Cell therapy for bone repair combined with hydrogels, networks of crosslinked polymer chains with very high water content, is gaining in acceptance as a potential alternative to scaffold-based tissue engineering, especially for smaller scale defects that may be treatable through minimally invasive methods. Injecting cells into a bony defect with a small incision may be preferable to more invasive surgical procedures when clinically indicated. Once at the defect site the cells are left largely unperturbed within the hydrogel as the defect itself would require stabilization to permit healing, a requirement that goes against the therapeutic benefit of physically loading bone forming cells. It is this contradiction that has driven the work outlined in this proposal. Non-invasive, low-intensity pulsed ultrasound has been shown to be effective for transdermal treatment of fresh fractures (38% reduction in clinical and radiographic healing time) and fracture nonunions. While the mechanism through which LIPUS acts is poorly understood we have developed a highly tunable ultrasound system that demonstrates a measurable acoustic radiation force at clinically relevant ultrasound intensities and have shown this force to be capable of physically deflecting both cells and hydrogels. However, to date LIPUS-generated acoustic radiation force has not been paired with cell-loaded hydrogels for bone repair. The goal of this proposal is to combine LIPUS-generated acoustic radiation force and hydrogel-based cell therapy with the belief that both approaches together will enhance repair over either one alone. Using LIPUS- generated loading capable of imparting physical forces on cells, it is our intention to design hydrogel scaffolds that 1) are able to deliver encapsulated viable cells in vivo, 2) can be physically loaded by LIPUS generated acoustic radiation force after implantation and during the healing process and 3) can be modified to transfer varied physical forces from the hydrogel to cells such that healing would be optimized. The objectives of the present research are 1) to evaluate the effect of LIPUS-generated acoustic radiation force on cells embedded in hydrogels with increasing crosslinking densities, 2) to evaluate the effect of radiation force on cells encapsulated in collagen hydrogels of varying mechanical properties to determine the relationship between applied force and hydrogel stiffness on cell behavior, and 3) to use radiation force applied to hydrogels that have been loaded with cells and implanted in bone defect models. Implanted hydrogels containing cells will be loaded transdermally using acoustic radiation force. It is anticipated that the parameters defined in the in vitro studies will result in enhanced in vivo defect healing in hydrogels under acoustic radiation force when compared to either parameter alone.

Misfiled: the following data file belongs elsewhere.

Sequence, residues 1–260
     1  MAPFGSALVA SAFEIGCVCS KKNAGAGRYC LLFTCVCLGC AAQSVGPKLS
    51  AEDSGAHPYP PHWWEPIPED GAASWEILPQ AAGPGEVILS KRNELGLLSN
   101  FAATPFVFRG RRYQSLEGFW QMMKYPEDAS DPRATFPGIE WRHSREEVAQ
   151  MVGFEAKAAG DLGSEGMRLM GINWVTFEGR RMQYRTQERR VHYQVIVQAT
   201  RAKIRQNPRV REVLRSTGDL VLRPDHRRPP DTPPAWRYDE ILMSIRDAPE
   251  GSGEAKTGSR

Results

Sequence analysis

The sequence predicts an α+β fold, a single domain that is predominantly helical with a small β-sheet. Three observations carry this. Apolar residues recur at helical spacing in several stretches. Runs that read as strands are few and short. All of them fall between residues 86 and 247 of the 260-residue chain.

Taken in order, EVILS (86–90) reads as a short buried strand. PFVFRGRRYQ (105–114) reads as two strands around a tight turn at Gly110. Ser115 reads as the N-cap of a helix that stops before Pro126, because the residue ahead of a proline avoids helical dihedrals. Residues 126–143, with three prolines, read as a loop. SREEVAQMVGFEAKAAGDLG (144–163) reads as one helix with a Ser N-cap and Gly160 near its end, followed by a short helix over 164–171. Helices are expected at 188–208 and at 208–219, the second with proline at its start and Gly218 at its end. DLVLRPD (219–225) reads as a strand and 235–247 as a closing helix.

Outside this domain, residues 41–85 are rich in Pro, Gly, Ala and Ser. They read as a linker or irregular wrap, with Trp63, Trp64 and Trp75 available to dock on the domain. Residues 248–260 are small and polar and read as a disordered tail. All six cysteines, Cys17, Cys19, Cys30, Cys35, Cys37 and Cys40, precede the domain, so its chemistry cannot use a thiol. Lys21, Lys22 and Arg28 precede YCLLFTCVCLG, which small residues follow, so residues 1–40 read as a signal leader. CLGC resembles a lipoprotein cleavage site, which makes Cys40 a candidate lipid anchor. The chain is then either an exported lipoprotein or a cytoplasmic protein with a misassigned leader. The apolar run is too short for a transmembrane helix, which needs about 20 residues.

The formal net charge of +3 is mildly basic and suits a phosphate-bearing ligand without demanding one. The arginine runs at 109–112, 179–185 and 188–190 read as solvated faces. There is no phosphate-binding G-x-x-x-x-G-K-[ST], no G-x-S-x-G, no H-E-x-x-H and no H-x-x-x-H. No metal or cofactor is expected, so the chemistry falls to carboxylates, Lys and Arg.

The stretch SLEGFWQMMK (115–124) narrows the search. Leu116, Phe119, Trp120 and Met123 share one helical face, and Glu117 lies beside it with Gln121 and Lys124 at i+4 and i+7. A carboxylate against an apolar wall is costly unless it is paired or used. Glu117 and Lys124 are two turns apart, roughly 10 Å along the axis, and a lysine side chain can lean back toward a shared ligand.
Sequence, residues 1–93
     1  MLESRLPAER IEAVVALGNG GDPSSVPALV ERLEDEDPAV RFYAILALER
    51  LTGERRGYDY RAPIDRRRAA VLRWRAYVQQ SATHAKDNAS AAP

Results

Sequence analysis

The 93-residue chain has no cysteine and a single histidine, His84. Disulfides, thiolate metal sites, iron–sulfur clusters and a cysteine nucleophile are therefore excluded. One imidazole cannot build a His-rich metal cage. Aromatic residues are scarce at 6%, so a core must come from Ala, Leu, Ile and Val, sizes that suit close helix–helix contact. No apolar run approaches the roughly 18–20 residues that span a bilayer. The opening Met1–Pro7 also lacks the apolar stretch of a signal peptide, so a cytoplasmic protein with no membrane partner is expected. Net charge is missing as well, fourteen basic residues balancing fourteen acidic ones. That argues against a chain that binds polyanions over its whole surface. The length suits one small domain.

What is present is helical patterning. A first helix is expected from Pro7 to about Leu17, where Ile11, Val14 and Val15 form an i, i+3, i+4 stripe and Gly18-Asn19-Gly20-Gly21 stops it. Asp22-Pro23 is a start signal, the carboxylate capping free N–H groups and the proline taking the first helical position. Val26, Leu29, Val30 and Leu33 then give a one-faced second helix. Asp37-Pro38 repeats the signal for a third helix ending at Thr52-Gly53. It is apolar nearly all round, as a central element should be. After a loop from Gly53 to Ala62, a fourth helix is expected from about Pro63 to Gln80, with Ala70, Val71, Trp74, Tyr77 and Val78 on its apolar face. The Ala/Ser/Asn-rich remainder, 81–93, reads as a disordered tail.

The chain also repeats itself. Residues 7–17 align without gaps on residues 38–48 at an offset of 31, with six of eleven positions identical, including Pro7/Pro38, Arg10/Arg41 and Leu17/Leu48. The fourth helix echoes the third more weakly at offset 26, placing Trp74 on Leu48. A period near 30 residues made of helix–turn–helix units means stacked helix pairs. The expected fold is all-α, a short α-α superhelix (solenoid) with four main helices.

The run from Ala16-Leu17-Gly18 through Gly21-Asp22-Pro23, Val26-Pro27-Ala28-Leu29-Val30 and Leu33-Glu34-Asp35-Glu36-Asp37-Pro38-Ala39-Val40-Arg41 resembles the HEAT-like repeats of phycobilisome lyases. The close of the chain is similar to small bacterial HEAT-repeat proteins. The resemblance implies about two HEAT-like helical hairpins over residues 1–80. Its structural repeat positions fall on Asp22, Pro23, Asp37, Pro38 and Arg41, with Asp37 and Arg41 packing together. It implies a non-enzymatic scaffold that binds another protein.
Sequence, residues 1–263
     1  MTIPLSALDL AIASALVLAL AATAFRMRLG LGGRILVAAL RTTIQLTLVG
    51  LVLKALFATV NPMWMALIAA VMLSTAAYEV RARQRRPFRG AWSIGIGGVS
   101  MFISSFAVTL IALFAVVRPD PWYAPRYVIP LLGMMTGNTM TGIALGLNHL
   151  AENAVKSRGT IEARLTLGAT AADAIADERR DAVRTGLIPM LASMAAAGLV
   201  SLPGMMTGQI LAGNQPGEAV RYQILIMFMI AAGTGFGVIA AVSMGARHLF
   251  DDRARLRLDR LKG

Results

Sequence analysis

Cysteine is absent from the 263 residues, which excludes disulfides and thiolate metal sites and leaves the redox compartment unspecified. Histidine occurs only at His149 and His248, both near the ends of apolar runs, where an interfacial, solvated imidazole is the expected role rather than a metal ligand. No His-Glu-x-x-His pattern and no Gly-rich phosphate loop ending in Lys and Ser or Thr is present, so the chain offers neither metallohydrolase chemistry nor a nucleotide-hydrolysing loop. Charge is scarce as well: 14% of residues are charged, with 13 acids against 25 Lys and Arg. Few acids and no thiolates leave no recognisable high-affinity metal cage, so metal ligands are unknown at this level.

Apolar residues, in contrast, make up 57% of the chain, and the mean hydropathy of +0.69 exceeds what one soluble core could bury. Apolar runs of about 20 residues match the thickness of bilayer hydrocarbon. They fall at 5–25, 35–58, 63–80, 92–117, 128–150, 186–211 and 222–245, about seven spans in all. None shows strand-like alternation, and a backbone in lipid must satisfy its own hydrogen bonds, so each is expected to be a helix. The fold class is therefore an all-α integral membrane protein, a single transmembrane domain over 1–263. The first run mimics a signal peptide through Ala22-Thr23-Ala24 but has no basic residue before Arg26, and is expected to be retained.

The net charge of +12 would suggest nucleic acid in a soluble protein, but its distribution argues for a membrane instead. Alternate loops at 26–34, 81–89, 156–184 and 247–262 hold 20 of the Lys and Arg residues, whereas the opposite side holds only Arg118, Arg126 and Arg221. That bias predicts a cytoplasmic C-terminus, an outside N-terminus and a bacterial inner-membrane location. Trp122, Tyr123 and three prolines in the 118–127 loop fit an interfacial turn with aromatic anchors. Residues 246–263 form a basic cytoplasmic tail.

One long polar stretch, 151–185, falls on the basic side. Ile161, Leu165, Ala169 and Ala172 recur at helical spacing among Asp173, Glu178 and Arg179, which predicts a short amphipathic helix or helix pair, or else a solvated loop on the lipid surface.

The PI's laboratory has focused on the development of tissue engineering strategies for bone repair using polymer and polymer/ceramic composite scaffolds and integrating hydrogel-based cell therapies with acoustic radiation force to repair bone defects. To achieve these goals, the PI has collaborated with clinicians, cell biologists, molecular biologists, materials scientists and engineers both at the University of Connecticut and outside Universities as well. The work proposed in this application will provide a novel strategy for healing bony defects through the use of cell therapies and transcutaneous acoustic radiation force.